Reckitt Benckiser recently jumped into the sexual health category with the acquisition of Durex from SSL International and a goal to reenergize the brand and category in the US. Trojan is also expanding beyond the traditional condom category with mainstream distribution of its new Triphoria vibrator. The New York Times bluntly covered the Trojan launch, and associated trends, in its recent story, "Vibrators carry the conversation."
A sexual revolution akin to the '60s or not, consumer demand for new products from sexual health brands is skyrocketing. In response, brands are launching and promoting once taboo sex-toy and condom products on traditional retail shelves, online platforms, and on a national level.
Following the acquisition, Reckitt Benckiser named Euro RSCG Worldwide PR AOR as part of its effort to grow and position Durex as a "sexual intimacy brand," as opposed to a typical condom brand, in the US. It's looking to go beyond the prevention of sexually transmitted diseases and pregnancy.
For example, distribution of its Performax condom, which touts Viagra-like benefits, has been low in the US, but the brand is looking to boost its share in "added-benefit condoms" through a message about experience. The brand, which is one of the strongest globally, but cedes share to Trojan in the US, has already seen a 60% rise in sales for personal massagers between December and May, notes Alan Cheung, Durex's senior brand manager.
"People are just becoming more comfortable talking about sex," he says, attributing a "willing- ness to be more open" to online conversations, sex-related apps, and social media interaction.
The Internet, with its behavioral influence, not only fuels a new comfort level with overt discussion about sexuality, but it also exists as a promotional tool for mainstream marketing of the once-taboo products.
Cheung adds that digital and PR promotion are the primary vehicles for buzz.
"That's where the consumer lives and it's where we need to be," he says. "For this category, word of mouth and social are key for strategy in the coming months."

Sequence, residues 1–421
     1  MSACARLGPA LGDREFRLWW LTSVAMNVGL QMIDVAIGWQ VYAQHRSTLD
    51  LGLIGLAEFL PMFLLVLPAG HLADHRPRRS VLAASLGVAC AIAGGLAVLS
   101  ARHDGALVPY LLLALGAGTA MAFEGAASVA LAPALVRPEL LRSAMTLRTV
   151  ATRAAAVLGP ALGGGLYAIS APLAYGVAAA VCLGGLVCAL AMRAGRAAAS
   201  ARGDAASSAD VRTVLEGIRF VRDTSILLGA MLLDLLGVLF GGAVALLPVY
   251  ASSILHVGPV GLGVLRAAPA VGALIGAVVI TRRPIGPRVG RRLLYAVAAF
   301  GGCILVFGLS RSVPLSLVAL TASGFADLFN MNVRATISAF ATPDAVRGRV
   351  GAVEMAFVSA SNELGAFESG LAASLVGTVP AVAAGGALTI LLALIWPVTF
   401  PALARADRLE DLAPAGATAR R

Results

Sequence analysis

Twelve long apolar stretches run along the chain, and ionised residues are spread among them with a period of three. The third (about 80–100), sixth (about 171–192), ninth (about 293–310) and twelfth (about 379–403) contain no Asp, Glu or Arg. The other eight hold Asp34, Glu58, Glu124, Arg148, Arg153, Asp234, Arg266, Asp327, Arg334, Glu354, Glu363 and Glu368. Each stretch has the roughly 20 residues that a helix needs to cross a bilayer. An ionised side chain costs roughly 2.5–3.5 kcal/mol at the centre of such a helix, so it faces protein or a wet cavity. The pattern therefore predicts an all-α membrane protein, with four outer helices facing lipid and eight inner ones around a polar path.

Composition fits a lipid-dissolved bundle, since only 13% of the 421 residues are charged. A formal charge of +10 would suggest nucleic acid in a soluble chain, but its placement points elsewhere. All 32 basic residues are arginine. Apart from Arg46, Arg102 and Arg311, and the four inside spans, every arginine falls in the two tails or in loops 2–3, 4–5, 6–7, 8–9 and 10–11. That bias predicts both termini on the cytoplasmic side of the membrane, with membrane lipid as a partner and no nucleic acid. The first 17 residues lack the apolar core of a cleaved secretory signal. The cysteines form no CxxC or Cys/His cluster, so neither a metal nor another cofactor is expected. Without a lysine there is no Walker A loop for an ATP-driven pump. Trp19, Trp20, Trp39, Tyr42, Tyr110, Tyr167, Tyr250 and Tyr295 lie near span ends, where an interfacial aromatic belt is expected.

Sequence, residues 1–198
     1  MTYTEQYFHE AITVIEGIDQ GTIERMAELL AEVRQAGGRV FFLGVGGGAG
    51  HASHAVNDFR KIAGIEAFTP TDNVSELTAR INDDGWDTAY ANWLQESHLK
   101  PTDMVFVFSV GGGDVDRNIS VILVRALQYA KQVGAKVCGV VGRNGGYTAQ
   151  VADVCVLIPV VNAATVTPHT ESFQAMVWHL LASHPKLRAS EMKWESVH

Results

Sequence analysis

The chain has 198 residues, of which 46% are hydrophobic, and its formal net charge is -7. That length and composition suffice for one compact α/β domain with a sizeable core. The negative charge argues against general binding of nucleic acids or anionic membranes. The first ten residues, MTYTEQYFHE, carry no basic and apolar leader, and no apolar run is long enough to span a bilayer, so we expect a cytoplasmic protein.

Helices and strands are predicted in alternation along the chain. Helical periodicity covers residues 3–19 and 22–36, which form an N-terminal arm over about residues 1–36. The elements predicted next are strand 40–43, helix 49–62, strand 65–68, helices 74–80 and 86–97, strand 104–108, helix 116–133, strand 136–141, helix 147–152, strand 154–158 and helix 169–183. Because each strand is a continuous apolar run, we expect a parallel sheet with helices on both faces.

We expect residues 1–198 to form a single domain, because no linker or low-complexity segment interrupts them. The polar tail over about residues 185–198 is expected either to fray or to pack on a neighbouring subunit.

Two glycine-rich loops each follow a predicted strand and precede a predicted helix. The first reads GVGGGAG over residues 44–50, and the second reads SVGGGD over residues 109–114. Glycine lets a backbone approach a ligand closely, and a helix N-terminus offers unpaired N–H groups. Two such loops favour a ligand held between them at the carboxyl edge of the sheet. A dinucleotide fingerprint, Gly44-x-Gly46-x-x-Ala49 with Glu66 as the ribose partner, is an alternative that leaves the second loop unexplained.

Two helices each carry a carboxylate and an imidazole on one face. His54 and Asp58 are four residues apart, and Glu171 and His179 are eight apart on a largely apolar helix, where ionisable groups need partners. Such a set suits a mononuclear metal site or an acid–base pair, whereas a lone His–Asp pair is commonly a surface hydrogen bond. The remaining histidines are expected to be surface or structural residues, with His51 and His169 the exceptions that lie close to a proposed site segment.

Trojan joined a number of non-traditional electronics brands at CES to launch its Triphoria vibrator. These days, it doesn't get more mainstream or social than CES - that is until the brand, working with AOR Edelman, launches a Trojan Vibrations Facebook page. In July, consumers will be able to purchase all of the Trojan Vibrations products from the site.
"There's a lot more that can be done to mainstream that conversation," says Bruce Weiss, VP of marketing at Trojan manufac-turer Church & Dwight. He adds that references in pop culture, such as those in Sex and the City, and a rise in popularity of sex-toy parties also contribute to consumer demand and comfort.
Aside from spreading the word online, the company is advertising the vibrator in its traditional condom packaging.
"This has had a positive effect," says Weiss. "We want to promote a more partner-friendly, female-friendly experience, so we're get- ting out there. Even our TV ads further compound the mainstreaming category. People see the items advertised in a good light."
The trend is occurring across the US, multiple sources explain. It enables brands to reach out to audiences not only on drug-store shelves, but also without regional or demographic boundaries.
"We want a consistent message and voice to communicate to our consumer base," says Cheung.
Weiss adds that in the national approach, PR is helping the brand grow its own portfolio as it bolsters the overall category.
"It's bringing a name to the category and lets people know Trojan is participating," he says. "We discovered, when it comes to vibrators, people are very open to saying this is something that's good for sexual health. That's one key reason we need to have a mainstream conversation."